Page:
Question Mark, can you tell me anything about this medal? It's 2" in diameter and has a portrait of "Christopher Columbus, Born 1456 * Died 1506." The other side has an eagle at the top, a scene of some buildings with two women in the foreground, and the words, "Souvenir World's Columbian Exposition, Chicago, U.S.A., 1892-1893. Near the bottom in smaller letters is, "1492-1892 IV Centennial."

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Answer Back in 1892, at the Esposizione Italo-Americana (Italian-American Exposition) at Genoa, Italy, a large Cristoforo Columbo medal of nearly identical design was issued by Mayer & Wilhelm of Stuttgart, Germany. Measuring 90mm, it was struck in bronze and also in aluminum, which was considered the new "wonder metal" at that time. Later, they modified it to create a smaller, 50mm medal with English inscriptions for the World's Columbian Exposition (Chicago World's Fair) held in 1892-93. On the reverse, the arms of the City of Genoa were replaced by an American eagle, and the two women point at a sunrise over the exposition grounds, instead of at Columbus's three ships as on the original medal. This version, too, was struck in both bronze and aluminum, as well as in a white-metal alloy. If problem-free, it would likely be worth $25-35+; the hole, of course, detracts from the value.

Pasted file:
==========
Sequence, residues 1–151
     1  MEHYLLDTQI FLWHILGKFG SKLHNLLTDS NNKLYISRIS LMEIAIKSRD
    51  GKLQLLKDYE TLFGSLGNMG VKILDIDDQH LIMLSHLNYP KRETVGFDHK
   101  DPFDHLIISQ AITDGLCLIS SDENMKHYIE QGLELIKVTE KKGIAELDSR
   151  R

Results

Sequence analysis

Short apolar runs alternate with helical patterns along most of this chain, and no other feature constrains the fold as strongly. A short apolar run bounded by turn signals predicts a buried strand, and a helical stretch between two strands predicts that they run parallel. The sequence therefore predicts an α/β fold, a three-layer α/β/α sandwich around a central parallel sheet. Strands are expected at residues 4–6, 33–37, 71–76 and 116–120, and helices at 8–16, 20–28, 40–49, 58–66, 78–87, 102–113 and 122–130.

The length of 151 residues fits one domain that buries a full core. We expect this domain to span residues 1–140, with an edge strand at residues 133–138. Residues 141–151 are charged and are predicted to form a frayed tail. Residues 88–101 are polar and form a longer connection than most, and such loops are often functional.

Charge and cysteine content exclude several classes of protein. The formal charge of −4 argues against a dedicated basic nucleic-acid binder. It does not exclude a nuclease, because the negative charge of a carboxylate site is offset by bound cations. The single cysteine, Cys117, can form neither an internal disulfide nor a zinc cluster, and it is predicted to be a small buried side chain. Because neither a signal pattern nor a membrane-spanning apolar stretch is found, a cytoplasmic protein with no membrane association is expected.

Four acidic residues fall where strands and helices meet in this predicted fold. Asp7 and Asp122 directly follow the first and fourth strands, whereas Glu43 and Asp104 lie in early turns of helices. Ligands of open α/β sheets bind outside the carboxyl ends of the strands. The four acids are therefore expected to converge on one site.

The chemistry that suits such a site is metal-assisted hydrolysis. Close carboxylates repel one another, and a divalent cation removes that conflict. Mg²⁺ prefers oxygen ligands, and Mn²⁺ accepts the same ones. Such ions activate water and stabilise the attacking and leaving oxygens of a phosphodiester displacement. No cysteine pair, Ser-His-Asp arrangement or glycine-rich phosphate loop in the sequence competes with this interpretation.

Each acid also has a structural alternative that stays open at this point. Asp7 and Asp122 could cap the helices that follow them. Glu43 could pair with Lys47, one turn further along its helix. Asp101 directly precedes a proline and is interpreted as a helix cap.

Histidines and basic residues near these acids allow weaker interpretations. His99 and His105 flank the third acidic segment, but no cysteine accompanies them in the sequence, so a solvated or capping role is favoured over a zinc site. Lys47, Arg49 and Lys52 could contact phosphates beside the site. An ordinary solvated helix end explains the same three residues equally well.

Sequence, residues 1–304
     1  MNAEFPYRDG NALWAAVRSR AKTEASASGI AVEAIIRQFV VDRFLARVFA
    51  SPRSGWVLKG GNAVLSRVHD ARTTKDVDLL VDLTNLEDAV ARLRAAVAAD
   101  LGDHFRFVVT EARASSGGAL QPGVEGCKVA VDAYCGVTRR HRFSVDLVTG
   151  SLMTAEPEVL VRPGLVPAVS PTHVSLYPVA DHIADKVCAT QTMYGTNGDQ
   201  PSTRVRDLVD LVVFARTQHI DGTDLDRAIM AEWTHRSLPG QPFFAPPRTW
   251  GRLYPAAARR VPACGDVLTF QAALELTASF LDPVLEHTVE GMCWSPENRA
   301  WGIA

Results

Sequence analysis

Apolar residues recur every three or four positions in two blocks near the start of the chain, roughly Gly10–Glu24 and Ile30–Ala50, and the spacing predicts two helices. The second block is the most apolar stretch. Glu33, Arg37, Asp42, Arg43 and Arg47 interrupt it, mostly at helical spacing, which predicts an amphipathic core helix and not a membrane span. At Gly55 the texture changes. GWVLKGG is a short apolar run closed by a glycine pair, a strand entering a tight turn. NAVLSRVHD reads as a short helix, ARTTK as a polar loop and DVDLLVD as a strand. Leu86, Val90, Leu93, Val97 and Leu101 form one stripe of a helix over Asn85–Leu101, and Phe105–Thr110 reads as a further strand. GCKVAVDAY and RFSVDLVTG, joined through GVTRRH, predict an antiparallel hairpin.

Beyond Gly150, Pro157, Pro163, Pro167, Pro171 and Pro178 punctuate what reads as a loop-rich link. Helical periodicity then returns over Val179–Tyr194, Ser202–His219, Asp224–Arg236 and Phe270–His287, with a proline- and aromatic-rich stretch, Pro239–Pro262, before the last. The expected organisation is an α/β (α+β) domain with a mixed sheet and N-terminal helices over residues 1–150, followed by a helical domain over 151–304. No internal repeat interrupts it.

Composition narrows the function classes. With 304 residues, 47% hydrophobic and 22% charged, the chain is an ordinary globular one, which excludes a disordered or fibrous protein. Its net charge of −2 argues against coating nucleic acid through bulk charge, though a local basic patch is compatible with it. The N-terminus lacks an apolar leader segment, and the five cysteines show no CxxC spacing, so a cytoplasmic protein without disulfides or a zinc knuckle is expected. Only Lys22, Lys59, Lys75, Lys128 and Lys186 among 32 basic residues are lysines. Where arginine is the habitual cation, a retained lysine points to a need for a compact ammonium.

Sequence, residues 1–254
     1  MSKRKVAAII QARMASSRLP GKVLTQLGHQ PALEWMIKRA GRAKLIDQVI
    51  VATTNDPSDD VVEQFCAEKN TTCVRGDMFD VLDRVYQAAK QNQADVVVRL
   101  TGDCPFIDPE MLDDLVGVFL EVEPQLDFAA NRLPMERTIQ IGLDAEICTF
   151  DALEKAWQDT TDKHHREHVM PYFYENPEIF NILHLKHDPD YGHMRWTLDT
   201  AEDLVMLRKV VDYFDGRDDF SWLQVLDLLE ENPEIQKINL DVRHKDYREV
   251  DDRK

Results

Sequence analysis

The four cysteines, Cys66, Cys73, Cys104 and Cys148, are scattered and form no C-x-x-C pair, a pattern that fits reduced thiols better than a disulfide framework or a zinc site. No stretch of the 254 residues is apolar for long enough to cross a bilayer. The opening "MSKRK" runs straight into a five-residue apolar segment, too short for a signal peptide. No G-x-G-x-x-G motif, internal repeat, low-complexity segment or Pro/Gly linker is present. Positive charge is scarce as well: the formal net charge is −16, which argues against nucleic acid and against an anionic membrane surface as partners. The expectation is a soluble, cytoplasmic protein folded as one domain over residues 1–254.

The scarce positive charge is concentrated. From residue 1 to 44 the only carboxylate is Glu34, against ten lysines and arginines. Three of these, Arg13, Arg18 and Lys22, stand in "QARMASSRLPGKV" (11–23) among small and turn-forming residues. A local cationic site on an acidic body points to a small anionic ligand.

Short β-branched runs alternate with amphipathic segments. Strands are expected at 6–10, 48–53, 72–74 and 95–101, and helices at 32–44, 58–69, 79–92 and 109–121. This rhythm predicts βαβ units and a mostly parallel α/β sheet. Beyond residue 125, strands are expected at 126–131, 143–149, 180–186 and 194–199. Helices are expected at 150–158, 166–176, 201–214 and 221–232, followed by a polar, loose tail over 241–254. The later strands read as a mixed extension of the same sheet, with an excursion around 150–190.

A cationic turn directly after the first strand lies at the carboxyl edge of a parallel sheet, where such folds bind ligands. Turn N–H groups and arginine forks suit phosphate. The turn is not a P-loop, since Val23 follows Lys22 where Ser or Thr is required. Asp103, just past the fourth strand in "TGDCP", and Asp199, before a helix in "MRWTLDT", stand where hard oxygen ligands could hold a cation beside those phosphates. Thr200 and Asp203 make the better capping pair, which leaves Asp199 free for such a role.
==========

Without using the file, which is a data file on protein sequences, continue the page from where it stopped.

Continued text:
Question What can you tell me about this 2-1/4" x 2-1/2" buckle that I dug at an old railroad depot? The three links make me think that it may be related to the Independent Order of Odd Fellows.